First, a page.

Mound D

     Although Mound D is part of the site, American Indians built it much later than the other mounds. The mound dates to around A.D. 700. This was almost 2,000 years after the people of Poverty Point made the last mound, Mound F. A later group of American Indians built Mound D during the Late Woodland period. People made many other mounds in Louisiana during this period.


     Mound D is a flat-topped mound and is almost rectangular in shape. It is 6 feet tall and 100 feet wide by 130 feet long at its base. It is the only mound built on one of the site's ridge segments. American Indians made the mound using earth taken from the surface of the site. Poverty Point artifacts mixed in the soil were included in this much later mound.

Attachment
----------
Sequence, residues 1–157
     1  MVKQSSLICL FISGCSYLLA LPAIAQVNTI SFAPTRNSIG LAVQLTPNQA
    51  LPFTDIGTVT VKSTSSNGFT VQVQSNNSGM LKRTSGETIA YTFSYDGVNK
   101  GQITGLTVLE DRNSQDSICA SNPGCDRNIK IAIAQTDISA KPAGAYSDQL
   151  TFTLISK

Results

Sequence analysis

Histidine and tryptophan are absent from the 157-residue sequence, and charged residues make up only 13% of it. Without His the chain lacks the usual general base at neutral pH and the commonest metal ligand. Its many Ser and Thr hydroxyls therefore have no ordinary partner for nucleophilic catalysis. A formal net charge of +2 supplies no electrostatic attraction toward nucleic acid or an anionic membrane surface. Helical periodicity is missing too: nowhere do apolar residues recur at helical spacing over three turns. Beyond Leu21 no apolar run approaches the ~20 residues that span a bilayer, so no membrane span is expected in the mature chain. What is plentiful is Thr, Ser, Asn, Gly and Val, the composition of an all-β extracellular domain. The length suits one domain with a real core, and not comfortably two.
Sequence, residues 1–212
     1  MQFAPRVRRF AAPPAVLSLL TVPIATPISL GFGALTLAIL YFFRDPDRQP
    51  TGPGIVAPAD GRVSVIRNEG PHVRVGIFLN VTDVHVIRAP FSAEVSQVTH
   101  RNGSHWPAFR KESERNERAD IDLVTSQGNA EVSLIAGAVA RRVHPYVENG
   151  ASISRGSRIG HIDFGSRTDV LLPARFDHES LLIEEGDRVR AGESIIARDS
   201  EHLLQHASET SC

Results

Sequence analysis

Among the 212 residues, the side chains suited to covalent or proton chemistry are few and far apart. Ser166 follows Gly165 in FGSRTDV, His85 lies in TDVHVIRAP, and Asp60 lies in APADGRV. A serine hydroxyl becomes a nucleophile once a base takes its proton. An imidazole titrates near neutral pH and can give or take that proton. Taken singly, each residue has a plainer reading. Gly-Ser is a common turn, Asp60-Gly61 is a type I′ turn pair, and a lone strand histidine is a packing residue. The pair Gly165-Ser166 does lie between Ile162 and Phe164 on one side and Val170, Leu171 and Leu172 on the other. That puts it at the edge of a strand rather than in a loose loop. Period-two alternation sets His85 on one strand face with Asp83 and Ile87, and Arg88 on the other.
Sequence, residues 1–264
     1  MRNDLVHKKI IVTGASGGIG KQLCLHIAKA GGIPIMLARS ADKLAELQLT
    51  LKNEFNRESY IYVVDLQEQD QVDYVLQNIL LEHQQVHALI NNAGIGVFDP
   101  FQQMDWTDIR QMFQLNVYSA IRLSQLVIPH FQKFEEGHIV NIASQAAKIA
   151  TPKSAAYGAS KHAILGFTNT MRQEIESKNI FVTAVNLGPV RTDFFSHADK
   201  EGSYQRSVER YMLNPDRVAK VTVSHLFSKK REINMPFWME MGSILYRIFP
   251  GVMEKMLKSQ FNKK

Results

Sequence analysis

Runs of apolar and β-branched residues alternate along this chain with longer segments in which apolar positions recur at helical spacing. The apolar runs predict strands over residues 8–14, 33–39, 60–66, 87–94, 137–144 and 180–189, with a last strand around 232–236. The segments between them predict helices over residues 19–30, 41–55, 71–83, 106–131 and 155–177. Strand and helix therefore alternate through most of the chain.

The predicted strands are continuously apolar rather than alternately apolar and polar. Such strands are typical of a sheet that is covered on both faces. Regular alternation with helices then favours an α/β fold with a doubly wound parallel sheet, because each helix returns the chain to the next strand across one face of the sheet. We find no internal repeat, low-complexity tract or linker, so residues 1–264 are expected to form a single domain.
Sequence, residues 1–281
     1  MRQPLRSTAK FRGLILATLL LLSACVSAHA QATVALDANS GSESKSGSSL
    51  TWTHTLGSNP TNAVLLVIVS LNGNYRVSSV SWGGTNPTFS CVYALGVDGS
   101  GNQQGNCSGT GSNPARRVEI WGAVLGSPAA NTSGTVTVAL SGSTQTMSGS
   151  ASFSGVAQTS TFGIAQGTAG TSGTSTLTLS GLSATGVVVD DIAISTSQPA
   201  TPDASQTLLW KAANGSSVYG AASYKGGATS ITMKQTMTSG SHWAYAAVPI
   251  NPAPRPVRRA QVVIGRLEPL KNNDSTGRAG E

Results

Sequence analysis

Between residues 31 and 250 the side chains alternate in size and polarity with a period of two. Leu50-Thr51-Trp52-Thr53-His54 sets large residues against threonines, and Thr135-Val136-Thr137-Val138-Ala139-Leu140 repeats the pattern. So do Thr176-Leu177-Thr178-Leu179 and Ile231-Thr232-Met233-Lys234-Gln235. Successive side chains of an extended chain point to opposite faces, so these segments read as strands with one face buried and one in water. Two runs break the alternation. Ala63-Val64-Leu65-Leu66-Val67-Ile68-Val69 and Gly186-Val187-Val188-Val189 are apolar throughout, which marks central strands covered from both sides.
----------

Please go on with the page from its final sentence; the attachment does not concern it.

When American Indians built Mound D, they were reusing the site. This made them part of the site's story even though that story started long before them. Later, nineteenth-century settlers reused the site, too, building a farm there. The site gets its name from one of these historic farms. Gravestones on Mound D mark the burials of two of these early settlers.

Photo of Mound D and headstones marking the burials of two nineteenth century settlers.


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